The Kingdom of Books - Atlas Obscura

The Kingdom of Books

Hay-on-Wye, Wales

In 1977, an eccentric book lover formed a micronation for book lovers. 

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The small community of Hay-On-Wye (Or simply Hay, for short) is located in the middle of the Welsh countryside; it’s a beautiful location on the edge of the Brecon Beacons National Park with a castle and tall green hills. Its history is nearly a century old, but it’s only within the last few decades this place has made a name for itself.

In 1962, a local man by the name of Richard Booth, who was intrigued by books and had a passion for them, opened Hay’s first bookshop in the old fire station. A few years later, he bought the local Hay Castle and set it up as a secondhand bookshop. Guinness World Records later recognized the castle as the world’s largest second-hand bookshop, with over a million books stocked at any one time. 

Richard Booth’s passion for literature had gripped the community and in 1976, the Welsh Tourism Board listed Hay as a “Town of Books.” However, it wasn’t enough. Booth realized more needed to be done to sustain the area’s economy, and so on April 1, 1977, he did something that would define the community forever: he declared himself King.

Booth raised a new flag at his castle, placed a crown on his head, and fired a cannon from a gunboat (in reality: a small rowing boat) to mark the community’s independence. Although the independence was never officially recognized by the United Kingdom, other micronations supported Booth’s cause to raise awareness to support his community.

It could also be argued that Booth had formed one of the few micronations to have a king and fully-fledged castle.

Booth’s crazy idea seemed to work, as lots of publicity was generated around his declaration of independence. Everyone from journalists to tourists now wanted to visit the self-declared “Kingdom of Books.” In 1999, a university studied the economic efforts of book towns and found a direct correlation between Booth’s stunt and helping the economy not just of Hay, but the entirety of Wales.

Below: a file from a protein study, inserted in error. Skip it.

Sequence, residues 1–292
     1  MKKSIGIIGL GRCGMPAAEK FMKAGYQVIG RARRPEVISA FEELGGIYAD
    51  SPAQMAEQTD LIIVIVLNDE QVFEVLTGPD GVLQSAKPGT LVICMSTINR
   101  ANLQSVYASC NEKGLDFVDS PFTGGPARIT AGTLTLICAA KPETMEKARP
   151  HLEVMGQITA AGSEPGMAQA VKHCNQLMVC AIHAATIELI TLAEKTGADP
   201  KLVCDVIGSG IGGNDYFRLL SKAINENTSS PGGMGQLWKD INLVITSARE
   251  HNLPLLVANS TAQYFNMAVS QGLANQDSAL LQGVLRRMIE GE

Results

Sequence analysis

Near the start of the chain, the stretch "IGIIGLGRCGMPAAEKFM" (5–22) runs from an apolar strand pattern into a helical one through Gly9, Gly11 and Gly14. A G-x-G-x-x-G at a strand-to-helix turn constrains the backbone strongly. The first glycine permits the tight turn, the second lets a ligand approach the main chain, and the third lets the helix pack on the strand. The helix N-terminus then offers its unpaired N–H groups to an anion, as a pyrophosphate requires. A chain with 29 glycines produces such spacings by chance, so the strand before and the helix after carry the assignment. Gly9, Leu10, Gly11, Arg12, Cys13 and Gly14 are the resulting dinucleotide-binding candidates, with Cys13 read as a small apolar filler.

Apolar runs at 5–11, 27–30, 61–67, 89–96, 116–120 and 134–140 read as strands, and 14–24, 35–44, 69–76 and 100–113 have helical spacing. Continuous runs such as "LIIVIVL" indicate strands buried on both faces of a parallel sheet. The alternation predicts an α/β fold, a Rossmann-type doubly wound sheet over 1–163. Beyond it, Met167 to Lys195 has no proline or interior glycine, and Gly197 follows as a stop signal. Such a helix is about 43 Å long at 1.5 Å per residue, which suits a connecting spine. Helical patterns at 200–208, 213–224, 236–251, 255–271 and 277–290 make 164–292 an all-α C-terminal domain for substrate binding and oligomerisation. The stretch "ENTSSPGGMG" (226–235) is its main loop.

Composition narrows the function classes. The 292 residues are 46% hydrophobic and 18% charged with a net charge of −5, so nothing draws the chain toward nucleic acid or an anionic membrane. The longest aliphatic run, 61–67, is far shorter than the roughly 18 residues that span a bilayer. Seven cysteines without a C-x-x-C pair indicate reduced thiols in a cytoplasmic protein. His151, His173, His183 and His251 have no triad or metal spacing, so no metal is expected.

Since then, Hay’s reputation for literature of all kinds has kept the community alive. To this day, there are multiple bookshops and festivals dedicated to books as well as philosophy and music.

The most notable event is the Hay Festival which started in 1988 and is dedicated to literature across 10 days in May and June. Although Booth wasn’t a fan of the festival as it focused more on new material than secondhand books, the festival has kept the spirit of enjoying literature and all works of art alive and the festival has even gone international. President Clinton even called the festival the “Woodstock of the Mind.”

As for Booth, he never stopped his eccentricity; he was awarded an MBE in 2004 for his services to tourism. His effigy was also beheaded in the town square by revolutionists as part of a publicity stunt (he and the lead revolutionists remained on good terms afterward). He sold his castle in 2011 to a trust, and in 2022, the castle was opened to the public. Booth sadly passed away in 2019, and his home was turned into a museum about the self-declared King of Hay. 

An article written in 2022 by Richard Collett about the town for the BBC summarises this micronation best: “Booth’s legacy is not a flag or kingdom, but a thriving, book-loving town.” Although Booth’s Kingdom of Hay may never officially be recognized, the spirit and idea certainly live on.

Know Before You Go

According to the Hay-on-Wye website, the main car park is located near Craft Centre and Tourist Bureau.


Camper parking is allowed.


Thursday is the community’s dedicated market day.

In partnership with KAYAK

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